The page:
Telecoms will spend more than 6 billion on 5G spectrum in Europe this year

Telecoms will spend more than 6 billion on 5G spectrum in Europe this year

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Madrid, Jan 24 – Telecos will spend in 2021 more than 6,000 million euros in radio spectrum for 5G in the main markets of Europe, according to market estimates, which consider that Telefónica is the second operator that invests the most, 1,093 million euros, behind the Vodafone group.

It is estimated that between 2021 and 2022 telecommunications companies will spend about 13.3 billion euros on radio spectrum for 5G, of which 12.2 billion on new frequencies and 1.2 billion for the renewal of existing ones, according to Bank of America forecasts for the sector in Europe in 2021.
Their analysis matches that of Credit Suisse, which also estimates spectrum investment in Western Europe to be around $ 6 billion for this year.
For 2021, the forecasts are for an expenditure of 7,201 million euros, according to the Bank of America, which contemplates that in 2021 the Vodafone group will be the operator that spends the most in spectrum, 1,515 million euros; followed by Telefónica, 1,093 million, and BT with 904 million.
The Orange group would be in fourth place, if the planned by Orange Belgium is included in its expenditure, which in total would add 534 million euros of expenditure for 2021.
According to these forecasts, dated December, each operator would spend an average of 661 million euros in 2021 and 297 million in 2022.
This analysis considers Belgium, Finland, France, Germany, Italy, the Netherlands, Spain, Sweden, Switzerland and the United Kingdom as the main markets in Europe.
Neither Telefónica, nor Orange, nor Vodafone have wanted to make an assessment in this regard when asked by EFE for these estimates.
Among the auctions forecast for 2021 are the one in the United Kingdom, which is scheduled to be attended by Telefónica UK, Vodafone, Hutchison and BT / EE, according to the British sector regulator Ofcom; and that of Sweden, whose 3.5 Ghz and 2.3 Ghz auction opened this week.
The one in Spain is also expected, that of the 700 Mhz band for the first quarter of the year at a starting price of 1,170 million euros, figures above those calculated by the operators, as market sources have informed.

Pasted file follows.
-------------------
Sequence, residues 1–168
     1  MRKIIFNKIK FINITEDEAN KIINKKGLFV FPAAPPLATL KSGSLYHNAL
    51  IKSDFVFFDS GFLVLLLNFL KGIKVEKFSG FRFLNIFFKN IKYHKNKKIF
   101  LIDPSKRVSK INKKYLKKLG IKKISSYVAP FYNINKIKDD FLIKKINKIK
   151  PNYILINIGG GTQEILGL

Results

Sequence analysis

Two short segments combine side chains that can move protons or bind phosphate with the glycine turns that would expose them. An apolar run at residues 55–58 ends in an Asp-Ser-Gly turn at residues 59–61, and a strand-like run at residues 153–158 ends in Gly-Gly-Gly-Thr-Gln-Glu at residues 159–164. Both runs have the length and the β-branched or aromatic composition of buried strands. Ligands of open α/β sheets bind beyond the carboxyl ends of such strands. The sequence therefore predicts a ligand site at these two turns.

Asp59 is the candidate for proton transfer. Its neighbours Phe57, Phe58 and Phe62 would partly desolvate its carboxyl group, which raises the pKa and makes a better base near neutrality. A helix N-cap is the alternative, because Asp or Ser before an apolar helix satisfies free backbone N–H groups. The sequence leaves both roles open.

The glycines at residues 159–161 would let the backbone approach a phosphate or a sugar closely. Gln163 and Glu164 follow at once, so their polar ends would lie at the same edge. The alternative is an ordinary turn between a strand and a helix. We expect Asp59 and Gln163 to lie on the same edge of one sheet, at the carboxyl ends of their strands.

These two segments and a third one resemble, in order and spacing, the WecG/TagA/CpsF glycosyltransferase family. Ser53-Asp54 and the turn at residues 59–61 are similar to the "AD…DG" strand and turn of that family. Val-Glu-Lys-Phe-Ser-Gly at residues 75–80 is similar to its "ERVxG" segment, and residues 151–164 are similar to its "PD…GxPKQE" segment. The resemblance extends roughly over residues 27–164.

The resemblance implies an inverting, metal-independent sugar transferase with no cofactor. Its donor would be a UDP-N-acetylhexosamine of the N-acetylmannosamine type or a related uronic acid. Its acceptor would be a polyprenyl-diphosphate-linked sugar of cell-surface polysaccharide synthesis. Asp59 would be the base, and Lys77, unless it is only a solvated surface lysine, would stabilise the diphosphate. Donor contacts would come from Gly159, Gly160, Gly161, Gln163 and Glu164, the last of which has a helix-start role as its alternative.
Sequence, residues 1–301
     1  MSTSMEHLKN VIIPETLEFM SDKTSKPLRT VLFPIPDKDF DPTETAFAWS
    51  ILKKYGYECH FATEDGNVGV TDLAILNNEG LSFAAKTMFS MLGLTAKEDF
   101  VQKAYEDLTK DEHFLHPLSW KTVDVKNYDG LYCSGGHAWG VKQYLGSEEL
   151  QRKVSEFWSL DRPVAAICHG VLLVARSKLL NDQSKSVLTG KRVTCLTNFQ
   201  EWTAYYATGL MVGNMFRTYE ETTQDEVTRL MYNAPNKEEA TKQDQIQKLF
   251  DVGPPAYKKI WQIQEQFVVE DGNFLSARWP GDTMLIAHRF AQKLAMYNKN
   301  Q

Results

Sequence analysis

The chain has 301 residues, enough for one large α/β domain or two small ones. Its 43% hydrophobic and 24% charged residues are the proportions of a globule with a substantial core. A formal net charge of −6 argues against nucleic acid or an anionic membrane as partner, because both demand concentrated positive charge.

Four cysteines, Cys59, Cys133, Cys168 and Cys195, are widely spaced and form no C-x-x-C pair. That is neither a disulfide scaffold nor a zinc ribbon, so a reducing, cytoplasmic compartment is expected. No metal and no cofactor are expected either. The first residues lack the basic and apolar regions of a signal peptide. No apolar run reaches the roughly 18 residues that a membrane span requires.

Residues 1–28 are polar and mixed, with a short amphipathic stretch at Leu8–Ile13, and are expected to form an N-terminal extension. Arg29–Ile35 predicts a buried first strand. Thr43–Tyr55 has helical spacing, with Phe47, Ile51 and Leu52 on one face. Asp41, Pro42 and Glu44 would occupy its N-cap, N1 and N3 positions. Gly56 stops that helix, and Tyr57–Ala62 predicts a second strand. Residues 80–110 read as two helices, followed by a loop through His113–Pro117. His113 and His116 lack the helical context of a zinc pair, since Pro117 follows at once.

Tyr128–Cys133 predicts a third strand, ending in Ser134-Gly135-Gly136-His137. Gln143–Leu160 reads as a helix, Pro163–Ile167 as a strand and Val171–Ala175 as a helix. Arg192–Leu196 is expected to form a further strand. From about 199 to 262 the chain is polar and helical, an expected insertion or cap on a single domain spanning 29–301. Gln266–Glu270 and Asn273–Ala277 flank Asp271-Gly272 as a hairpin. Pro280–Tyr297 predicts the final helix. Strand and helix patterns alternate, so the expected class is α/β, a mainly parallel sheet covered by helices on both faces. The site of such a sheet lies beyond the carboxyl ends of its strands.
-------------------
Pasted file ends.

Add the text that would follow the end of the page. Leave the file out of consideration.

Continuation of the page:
Among the completed auctions are the one in Germany, which involved an investment of 6,600 million euros, almost 70% above expectations, which did not happen, for example, with the French, which amounted to 2,800 million euros, reasonably priced and in line with analyst expectations.
According to Telefónica calculations, 5G will require a direct investment in infrastructure of more than 6,000 million euros in Spain, above the around 5,000 that Europe considers that it will be necessary to allocate in the country for the deployment of this new technology.
For every euro that operators spend in 5G infrastructures, another 3 will be invested in the entire ecosystem that will be generated around this new technology, as recently assessed by the president of Telefónica Spain, Emilio Gayo.
5G WILL NOT BE A SHORT-TERM REVENUE ENGINE
These investments in 5G will not be a revenue engine for telecos in the short term. Both the Bank of America and Credit Suisse consider that operators will see their billing increase in 2021 in the order of 1% or 2%, but more driven by ‘roaming’, as travel resumes after the covid-19 , than for another circumstance.
The repercussions on billing for 5G will be more in the medium and long term. In addition, this technology will serve to consolidate its leadership of the telecos.
However, the long-term impact will be better seen in 2021, considering that the adoption of 5G phones seems to be faster than 4G, according to an Ericsson study, referred to by Credit Suisse, which estimates that in In the fourth year of 5G rollout (between 2022 and 2023) it is estimated that there will be about 1 billion global 5G users, a milestone that was reached in 4G in the sixth year of rollout, in 2015.
This speed is driven by a faster launch of 5G in China and the increased availability of phones.
 

Ben Oakley
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